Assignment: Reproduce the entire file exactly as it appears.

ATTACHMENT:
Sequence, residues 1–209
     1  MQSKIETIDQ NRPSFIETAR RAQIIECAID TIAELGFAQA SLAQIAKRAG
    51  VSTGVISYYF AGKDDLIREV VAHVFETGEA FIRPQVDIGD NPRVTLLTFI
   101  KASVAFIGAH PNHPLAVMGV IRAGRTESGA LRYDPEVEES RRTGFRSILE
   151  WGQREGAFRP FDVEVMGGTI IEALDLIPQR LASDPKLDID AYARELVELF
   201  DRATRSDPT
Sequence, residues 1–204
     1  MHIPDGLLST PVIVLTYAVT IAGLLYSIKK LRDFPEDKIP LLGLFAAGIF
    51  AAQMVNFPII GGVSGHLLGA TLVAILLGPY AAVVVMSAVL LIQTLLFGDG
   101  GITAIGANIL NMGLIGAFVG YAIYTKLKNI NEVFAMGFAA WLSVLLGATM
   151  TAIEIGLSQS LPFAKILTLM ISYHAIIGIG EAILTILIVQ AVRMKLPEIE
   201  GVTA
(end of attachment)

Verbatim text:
Sequence, residues 1–209
     1  MQSKIETIDQ NRPSFIETAR RAQIIECAID TIAELGFAQA SLAQIAKRAG
    51  VSTGVISYYF AGKDDLIREV VAHVFETGEA FIRPQVDIGD NPRVTLLTFI
   101  KASVAFIGAH PNHPLAVMGV IRAGRTESGA LRYDPEVEES RRTGFRSILE
   151  WGQREGAFRP FDVEVMGGTI IEALDLIPQR LASDPKLDID AYARELVELF
   201  DRATRSDPT
Sequence, residues 1–204
     1  MHIPDGLLST PVIVLTYAVT IAGLLYSIKK LRDFPEDKIP LLGLFAAGIF
    51  AAQMVNFPII GGVSGHLLGA TLVAILLGPY AAVVVMSAVL LIQTLLFGDG
   101  GITAIGANIL NMGLIGAFVG YAIYTKLKNI NEVFAMGFAA WLSVLLGATM
   151  TAIEIGLSQS LPFAKILTLM ISYHAIIGIG EAILTILIVQ AVRMKLPEIE
   201  GVTA